Kenya: Acute Food Insecurity Situation in August 2014 and Projection for September 2014 - February 2015
01.08.2014 > 28.02.2015


& next steps


According to the 2014 long rains assessment in Kenya, an estimated 1.5 million people are acutely food insecure and will require immediate food assistance over the next six months (September 2014 – February 2015). This number has increased from 1.3 million who required food assistance in February 2014, representing a 15 percent increase (Figure 1.1). The cumulative effects of the poor 2013 short rains coupled with the below-average 2014 long rains in the pastoral, agro pastoral and marginal agricultural areas and increasing food prices and conflicts, have resulted in more population becoming food insecure. The poor rains resulted to below-average crop production and poor recovery of rangeland conditions. In pastoral and agro pastoral areas, forage conditions were fair to poor, with 70 - 80 percent of ground water sources reported to be exhausted.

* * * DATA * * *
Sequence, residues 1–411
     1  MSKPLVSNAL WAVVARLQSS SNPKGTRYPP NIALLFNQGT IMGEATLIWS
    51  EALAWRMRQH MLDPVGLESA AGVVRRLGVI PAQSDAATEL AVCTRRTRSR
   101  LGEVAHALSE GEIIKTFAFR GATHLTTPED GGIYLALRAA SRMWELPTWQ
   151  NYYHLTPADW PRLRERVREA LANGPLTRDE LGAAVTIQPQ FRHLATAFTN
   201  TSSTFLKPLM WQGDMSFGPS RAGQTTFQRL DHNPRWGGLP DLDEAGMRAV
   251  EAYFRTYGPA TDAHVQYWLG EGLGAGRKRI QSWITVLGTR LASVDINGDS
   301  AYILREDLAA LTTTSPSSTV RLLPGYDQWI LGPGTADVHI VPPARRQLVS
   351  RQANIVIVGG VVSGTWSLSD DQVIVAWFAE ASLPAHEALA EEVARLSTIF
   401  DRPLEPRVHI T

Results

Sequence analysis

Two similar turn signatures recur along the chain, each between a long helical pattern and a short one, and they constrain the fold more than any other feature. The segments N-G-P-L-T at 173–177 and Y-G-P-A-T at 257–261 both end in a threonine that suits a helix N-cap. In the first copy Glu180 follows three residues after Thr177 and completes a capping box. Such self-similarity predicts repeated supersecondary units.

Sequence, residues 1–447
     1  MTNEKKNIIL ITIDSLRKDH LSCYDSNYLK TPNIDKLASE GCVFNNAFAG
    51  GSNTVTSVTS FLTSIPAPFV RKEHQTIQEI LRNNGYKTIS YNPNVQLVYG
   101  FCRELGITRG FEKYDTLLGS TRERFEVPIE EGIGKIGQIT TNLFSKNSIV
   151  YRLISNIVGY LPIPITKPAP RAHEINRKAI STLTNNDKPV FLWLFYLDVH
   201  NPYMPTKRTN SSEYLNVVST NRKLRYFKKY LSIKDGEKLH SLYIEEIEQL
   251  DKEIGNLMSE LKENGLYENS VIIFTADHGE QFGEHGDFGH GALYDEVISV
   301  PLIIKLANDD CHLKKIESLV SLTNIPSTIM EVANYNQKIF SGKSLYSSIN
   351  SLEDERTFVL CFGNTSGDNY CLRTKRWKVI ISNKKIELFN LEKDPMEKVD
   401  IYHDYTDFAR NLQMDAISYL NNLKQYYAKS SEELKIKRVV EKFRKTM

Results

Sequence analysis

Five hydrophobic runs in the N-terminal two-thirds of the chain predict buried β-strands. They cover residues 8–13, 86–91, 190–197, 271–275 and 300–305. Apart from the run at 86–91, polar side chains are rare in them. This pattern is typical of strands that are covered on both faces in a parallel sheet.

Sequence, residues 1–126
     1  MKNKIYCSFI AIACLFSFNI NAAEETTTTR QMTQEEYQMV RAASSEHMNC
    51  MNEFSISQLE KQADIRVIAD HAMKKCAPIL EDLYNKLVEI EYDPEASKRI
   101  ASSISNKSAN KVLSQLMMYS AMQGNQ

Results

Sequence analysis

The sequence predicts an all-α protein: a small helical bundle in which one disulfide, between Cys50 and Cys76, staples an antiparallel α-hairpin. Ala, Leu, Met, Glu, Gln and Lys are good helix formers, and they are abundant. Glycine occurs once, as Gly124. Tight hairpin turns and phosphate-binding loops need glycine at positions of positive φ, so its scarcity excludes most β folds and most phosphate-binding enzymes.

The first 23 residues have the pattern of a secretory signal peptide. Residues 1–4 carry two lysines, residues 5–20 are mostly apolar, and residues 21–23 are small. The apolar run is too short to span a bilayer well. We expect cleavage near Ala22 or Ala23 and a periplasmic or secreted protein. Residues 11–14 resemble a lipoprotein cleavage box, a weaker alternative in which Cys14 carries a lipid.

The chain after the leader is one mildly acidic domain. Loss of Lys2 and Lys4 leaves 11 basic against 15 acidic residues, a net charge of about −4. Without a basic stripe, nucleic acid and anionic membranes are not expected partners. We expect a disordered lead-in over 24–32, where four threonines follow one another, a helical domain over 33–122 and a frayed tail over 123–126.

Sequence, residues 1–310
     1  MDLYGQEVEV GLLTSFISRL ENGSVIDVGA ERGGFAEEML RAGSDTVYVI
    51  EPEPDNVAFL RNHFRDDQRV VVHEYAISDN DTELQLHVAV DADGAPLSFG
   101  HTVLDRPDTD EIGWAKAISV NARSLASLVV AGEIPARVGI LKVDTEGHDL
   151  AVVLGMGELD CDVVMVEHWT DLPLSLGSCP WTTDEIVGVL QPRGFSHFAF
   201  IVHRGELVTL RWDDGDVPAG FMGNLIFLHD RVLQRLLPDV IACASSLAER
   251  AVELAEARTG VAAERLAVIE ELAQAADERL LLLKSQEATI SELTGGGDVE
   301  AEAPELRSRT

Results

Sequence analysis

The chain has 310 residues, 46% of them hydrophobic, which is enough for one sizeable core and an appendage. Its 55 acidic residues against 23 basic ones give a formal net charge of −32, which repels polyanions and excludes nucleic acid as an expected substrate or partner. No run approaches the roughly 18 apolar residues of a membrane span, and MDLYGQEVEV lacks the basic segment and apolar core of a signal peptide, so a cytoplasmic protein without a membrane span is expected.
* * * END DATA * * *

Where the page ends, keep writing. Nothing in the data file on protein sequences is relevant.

The deteriorated forage conditions have resulted to poor or in some cases emaciated livestock body conditions. Trekking distances to water sources have increased. In the southeastern marginal agricultural areas, most of the maize crop did not reach maturity. Household stocks have been depleted resulting in high market dependence for food access, at a time when income earning opportunities have significantly declined. With the peak of the lean season yet to set in, and the next rains expected in mid October, food security situation is set to continue worsening, prompting the need for urgent mitigation and response actions to avert the situation.

The main driving factors of food insecurity are:

  • poor livestock conditions due to deteriorated forage conditions
  • depletion of household stocks due to high market dependance and decline in employment opportunities
  • below average rainfall resulting in below-average crop production
  • increasing food prices
  • conflict

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